By now, most have read that last week’s “interview” between La Repubblica’s Eugenio Scalfari, 89, and Pope Francis, was really more of the former’s recollection of a friendly conversation between the two.
It was obvious from day one that this interview, and its translation, was not on the same par as that published by the Jesuit journals of the world less than two weeks before. That fact has just been underlined, and the gulf of quality widened, by recent revelations. Both remain important, illustrative of the Holy Father’s basic ecclesiological paradigm, his personality, and his vision for the mission of the Church, but not in the same degree. As you would expect.
Scalfari used neither a notepad or a recorder, and while I am sure that any one-on-one with the pope will be memorable enough that you are not likely to forget that much of it, even at such a venerable age, it seems like a journalistic mortal sin to publish conversation as if these are recorded quotes during a professional interview.
Given that, I do not find it surprising that a couple of the details get mixed up. Scalfari is not a theologian, in fact, not even a practicing Catholic. So, the fact that he misremembers whether Pope Francis had his mystical moment before or after accepting the office, or whether he or the translator captured all the nuance of the primacy of conscience is neither surprising nor shocking.
The Vatican confirmed that the basic tone and tenor of the interview was accurate and trustworthy. The thoughts expressed are the pope’s thoughts, technical and translation glitches aside. It is a “reconstruction and not a transcript” and “should be considered faithful on the whole to the mind of the pope, but not necessarily in its particular words and the accuracy of its details.”
One merely needs to read the interview with a basic understanding of Christian teaching and knowledge of the fact that not only is the pope Catholic but that he is, in fact, a bishop of the Church, and there are no theological or doctrinal problems to be found. A little benefit of the doubt is sufficient, to say nothing of thinking with the Church here.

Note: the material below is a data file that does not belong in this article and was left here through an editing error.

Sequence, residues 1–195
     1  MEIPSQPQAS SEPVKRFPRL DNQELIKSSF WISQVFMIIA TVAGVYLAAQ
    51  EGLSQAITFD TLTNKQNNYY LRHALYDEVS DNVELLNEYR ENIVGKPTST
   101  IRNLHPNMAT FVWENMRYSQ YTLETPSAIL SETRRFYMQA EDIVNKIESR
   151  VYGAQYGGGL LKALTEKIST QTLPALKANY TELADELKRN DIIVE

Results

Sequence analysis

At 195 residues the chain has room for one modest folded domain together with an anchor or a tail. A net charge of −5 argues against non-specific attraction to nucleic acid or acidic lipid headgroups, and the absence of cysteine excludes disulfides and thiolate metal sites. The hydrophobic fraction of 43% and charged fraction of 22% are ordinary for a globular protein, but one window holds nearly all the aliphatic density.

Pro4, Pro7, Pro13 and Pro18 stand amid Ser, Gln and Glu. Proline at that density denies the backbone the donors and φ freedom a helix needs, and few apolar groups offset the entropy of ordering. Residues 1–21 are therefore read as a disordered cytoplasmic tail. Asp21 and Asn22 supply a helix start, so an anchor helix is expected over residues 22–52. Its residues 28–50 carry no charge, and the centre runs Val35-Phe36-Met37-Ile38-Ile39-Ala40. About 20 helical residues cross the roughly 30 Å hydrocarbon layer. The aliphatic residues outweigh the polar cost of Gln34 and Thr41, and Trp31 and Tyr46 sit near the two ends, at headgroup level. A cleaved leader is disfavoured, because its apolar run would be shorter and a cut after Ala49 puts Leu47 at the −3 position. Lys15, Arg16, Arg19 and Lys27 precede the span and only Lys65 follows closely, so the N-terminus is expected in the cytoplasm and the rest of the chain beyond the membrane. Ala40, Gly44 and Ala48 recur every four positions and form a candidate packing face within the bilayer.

By far, then, the most disturbing news of the week is the vitriolic and unabashed criticism of the bishop of Rome from some voices on what is often called the far right – though there are many self-described conservative Catholics who find this reaction appalling. And well they should.
(Some other rebuttals to this hysteria, and conservative clarifications to calm the nerves, can be found on The Dish, The Deacon’s Bench, National Catholic Register, and even the godfather of ‘far right’ Catholic bloggers, Fr. Z!)
–I suspect there would not have been so much confusion if we had not had such a recent long streak of obsessing with literal translations and verbatim fidelity of words themselves, rather than focusing on the message being conveyed by the words. But I digress —
To be clear, I have no problem with the criticism of any religious leader, including the bishop of Rome. In fact, a healthy Church, one committed to the principle on ongoing reform, is made evident by those that love the Church are the first willing to openly recommend improvements. A culture of fear and thought-control, wherein everyone simply has to toe the party line, is detrimental to the overall wellbeing of any institution, especially the Body of Christ.
But criticism demands responsibility. It is one thing to not like the color of the pope’s shoes as a matter of personal taste, and anyone can express such an opinion. It is something else to claim the pope is a heretic, a relativist, a modernist, or confused about the role of the bishop of Rome without some kind of theological legwork to back up your claim. And when the attack is made ad hominem, it just loses all respectability.
Since the moment he appeared on the balcony in March, I have heard complaints and an unceasing stream of vitriol from either the radical traditionalist set, or the plain old neo-con clericalist set.